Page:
I said this with all sincerity and hoped the snow fairy or whoever it was that turned me into a snowman would hear me.
I took the liberty of closing the window and turning the heat back on since I knew my transformation back into a human would happen during the night and I didn't want to wake up freezing.
But when I woke up the next morning, instead of being a human I was melting. My bed was soaked and I was still a snowman.
I realized I might die. I was mush all round and I could barely move my mushy limbs. I had to drag myself out of bed, an emaciated snowman and go out to my patio and start packing more ice and snow onto my body.
Well, it turns out that it's difficult to stay gainfully employed when you're a snowman and I was soon let go for reasons unrelated they said to my being a snowman but I knew, I knew.
I couldn't pay rent but it was fine, I was happier outside in the cold. I stayed in Prospect Park. But spring was coming. I was getting nervous.
Each night I wished to be a human, but when I woke the next morning I was still a snowman.
So I took off north for cold weather. I began to walk.
I walked upstate and I probably passed into Canada, I don't know. All I know is that I kept walking.
I came to a forest of pines and it was quiet, I didn't hear a sound but my own breathing. Snowmen still breathe, if you listen closely.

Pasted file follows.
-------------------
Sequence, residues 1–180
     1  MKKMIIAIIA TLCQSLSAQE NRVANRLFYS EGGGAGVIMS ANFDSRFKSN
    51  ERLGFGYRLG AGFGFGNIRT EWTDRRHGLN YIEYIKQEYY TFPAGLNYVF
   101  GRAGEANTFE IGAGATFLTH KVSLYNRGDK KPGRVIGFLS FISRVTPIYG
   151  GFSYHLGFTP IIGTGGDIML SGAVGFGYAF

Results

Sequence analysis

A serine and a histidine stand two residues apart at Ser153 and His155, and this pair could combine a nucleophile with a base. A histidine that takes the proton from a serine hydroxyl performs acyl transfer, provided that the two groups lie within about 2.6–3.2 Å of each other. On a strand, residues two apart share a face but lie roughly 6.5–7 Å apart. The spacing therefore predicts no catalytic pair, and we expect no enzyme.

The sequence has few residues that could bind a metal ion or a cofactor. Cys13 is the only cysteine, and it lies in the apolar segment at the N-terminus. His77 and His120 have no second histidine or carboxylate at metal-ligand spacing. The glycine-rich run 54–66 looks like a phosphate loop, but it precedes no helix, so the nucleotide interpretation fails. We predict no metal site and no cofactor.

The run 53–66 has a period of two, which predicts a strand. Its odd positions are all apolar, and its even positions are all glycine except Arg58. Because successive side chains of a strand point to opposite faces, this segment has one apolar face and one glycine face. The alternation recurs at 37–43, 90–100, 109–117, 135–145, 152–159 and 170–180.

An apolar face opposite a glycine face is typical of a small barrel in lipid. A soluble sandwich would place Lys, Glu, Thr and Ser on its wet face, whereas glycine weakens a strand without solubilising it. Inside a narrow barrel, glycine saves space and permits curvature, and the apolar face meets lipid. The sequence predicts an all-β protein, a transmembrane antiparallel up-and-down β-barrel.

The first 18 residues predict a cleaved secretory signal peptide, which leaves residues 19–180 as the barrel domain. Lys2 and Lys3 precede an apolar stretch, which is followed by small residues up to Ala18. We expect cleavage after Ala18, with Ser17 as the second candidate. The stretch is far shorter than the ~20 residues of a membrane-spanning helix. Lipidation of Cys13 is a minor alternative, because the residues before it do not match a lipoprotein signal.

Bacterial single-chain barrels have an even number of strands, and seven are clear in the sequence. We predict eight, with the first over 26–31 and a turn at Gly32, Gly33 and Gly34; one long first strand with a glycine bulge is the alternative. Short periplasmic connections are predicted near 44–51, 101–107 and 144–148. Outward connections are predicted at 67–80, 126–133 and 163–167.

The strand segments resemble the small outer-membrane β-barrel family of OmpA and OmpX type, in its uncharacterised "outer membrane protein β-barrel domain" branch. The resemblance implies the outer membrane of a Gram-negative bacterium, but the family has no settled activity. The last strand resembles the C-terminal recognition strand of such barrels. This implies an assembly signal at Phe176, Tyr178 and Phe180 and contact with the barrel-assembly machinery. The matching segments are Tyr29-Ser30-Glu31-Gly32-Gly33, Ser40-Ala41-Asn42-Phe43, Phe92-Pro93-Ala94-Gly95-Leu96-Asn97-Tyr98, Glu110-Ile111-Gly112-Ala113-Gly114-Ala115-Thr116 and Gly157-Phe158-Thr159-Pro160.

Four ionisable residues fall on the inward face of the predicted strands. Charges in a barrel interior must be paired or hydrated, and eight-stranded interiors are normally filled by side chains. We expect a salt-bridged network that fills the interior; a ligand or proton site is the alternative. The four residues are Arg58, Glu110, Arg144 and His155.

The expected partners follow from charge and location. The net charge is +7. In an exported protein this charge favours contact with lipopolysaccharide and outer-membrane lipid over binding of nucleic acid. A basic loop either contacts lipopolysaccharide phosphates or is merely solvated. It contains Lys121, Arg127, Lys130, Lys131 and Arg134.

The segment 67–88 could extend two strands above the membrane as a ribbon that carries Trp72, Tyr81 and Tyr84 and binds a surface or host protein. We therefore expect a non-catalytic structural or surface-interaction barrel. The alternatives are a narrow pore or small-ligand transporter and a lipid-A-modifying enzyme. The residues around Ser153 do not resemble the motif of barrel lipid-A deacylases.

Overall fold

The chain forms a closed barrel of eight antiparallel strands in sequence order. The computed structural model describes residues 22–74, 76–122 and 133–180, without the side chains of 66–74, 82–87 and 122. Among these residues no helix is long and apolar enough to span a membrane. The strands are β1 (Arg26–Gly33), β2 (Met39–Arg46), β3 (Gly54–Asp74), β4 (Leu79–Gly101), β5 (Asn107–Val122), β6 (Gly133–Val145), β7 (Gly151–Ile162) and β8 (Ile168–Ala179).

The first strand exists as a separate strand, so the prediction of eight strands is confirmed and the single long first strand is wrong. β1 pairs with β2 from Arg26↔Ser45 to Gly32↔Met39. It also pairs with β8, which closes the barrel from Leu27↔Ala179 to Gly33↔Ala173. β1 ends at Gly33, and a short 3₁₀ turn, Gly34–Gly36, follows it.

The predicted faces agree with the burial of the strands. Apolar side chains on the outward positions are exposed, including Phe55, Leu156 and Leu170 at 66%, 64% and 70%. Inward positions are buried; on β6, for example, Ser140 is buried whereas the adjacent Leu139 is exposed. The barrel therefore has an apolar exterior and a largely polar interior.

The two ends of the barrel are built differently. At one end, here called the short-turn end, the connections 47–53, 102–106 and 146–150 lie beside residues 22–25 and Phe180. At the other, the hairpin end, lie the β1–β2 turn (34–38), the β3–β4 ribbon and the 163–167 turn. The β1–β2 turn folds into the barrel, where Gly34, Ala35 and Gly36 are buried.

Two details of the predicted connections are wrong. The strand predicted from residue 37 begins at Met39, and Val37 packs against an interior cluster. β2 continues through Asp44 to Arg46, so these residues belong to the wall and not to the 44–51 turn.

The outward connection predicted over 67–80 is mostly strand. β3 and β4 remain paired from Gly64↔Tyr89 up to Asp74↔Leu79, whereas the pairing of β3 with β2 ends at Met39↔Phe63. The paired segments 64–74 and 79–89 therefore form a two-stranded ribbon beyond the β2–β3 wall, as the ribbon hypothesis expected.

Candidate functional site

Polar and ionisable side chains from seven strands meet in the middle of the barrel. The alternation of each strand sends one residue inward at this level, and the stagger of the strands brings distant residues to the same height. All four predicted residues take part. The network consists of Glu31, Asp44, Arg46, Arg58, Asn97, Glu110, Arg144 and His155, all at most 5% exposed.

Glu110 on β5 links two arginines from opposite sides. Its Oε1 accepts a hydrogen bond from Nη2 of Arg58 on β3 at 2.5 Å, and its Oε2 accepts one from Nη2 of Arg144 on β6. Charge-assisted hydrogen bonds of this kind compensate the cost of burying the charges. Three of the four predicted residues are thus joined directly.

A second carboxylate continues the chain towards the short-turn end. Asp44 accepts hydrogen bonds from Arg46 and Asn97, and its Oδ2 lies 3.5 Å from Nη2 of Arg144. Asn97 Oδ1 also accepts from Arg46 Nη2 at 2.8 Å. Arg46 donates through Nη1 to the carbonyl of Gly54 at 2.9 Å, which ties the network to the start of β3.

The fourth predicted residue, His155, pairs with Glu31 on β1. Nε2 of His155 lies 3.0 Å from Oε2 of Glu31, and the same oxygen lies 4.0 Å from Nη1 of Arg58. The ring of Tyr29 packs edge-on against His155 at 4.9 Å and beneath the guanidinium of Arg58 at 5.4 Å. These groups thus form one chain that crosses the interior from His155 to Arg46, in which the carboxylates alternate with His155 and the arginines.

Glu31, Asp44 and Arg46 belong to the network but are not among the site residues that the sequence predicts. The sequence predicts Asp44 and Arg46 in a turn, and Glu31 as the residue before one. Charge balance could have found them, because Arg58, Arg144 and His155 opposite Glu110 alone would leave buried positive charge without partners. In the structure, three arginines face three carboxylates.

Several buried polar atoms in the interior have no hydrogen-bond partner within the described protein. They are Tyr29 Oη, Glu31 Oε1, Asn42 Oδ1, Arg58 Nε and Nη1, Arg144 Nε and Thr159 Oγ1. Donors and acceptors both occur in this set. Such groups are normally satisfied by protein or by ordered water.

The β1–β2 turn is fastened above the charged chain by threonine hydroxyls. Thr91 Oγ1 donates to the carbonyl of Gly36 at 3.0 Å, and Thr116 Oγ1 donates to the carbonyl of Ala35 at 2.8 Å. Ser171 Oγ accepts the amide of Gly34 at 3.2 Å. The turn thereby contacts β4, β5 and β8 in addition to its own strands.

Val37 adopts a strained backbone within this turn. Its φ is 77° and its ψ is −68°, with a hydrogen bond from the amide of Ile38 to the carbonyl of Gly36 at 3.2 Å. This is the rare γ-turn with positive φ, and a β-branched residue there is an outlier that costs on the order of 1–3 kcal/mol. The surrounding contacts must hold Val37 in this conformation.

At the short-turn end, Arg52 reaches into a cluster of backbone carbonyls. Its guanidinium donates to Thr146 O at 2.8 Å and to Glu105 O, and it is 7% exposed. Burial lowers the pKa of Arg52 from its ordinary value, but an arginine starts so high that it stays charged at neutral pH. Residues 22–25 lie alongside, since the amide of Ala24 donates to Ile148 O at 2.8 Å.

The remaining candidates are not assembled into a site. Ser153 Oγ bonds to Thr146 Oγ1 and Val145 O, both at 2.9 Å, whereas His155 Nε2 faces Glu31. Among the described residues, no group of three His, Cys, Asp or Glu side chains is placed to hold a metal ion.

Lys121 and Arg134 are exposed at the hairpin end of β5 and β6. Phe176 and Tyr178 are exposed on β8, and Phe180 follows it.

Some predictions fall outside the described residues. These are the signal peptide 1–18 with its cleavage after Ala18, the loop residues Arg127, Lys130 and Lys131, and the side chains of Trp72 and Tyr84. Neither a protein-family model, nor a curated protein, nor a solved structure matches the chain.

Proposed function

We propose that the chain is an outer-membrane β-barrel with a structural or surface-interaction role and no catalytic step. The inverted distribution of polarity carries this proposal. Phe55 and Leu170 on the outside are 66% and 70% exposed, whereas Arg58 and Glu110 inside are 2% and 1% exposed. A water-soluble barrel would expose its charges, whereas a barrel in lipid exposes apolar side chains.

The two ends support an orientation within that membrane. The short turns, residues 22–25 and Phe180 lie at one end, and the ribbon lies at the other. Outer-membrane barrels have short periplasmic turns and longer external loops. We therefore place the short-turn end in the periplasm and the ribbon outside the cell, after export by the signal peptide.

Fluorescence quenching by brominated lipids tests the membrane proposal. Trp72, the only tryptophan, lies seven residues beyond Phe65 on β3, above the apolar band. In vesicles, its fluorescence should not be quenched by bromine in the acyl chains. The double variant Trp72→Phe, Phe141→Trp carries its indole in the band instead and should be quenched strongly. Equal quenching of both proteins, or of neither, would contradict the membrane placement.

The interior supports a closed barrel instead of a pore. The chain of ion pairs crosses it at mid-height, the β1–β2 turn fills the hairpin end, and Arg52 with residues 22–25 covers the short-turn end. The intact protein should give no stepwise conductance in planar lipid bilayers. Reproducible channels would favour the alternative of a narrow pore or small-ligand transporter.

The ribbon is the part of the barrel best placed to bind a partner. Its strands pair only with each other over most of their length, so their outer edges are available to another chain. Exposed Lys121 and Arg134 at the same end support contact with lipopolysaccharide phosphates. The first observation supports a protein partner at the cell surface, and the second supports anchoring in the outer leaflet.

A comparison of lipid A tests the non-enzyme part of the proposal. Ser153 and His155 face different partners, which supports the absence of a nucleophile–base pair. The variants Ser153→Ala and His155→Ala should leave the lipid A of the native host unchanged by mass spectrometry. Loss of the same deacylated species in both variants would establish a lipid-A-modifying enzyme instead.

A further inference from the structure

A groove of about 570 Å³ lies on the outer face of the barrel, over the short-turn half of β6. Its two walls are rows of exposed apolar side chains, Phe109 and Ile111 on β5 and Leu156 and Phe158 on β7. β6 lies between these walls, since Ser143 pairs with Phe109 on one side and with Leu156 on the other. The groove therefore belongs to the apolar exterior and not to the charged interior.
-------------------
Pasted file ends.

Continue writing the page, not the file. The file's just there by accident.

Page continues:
There, in the middle of the pine forest, I came upon a snowwoman.
Hello, I said.
Hello, she said back.
That's how it started.
I've never talked to another snowman before, she said.
Well talking comes very natural to me, I said. I used to be human.
I've always been a snowwoman, she said.
From that time on we were together. We went running through the forest. We held snow hands. We threw snowballs at hikers and laughed when they ran away scared. We made out under the pine trees.
I realized that I would have never found love like this if I hadn't turned into a snowman.
Let's be together forever, I said.
We had a little snowpeople wedding. Snowmen came from miles around. The pine trees swayed around us as we recited our vows.
The next morning I woke up freezing.
I was absolutely shivering.
I looked at my hands and feet and they were very human hands and feet.
I turned to look at the snowwoman but she was the same.
I've turned back to a human, I said.
I was shivering and wet all over.
You have to go, she said. You'll die.
I don't want to, I said.
She carried me to the nearest town and left me by the hospital before knocking on the doors and window and calling for help.
I was in the hospital for weeks. I lost two fingers and two toes.
When the hospital released me, the weather had turned.
Spring has come early this year, the nurse said.
By the time I could make it back to the pine forest, the snow had almost melted.
I found her, melting into the ground.
I love you, I said.
I love you too, she said, before she disappeared.
There just before she melted, she turned into a human.
I live in that town now. The winters are hell, but I've learned to deal with them.
I tell my children that story to explain how I ended up here, how maybe the winters are really cold but if you look closely enough, there's magic.
Or you could just move to Florida, my son says, if you don't like the cold instead of being asked to turn into a snowman.
Yeah, I could have, I said. But I have no regrets.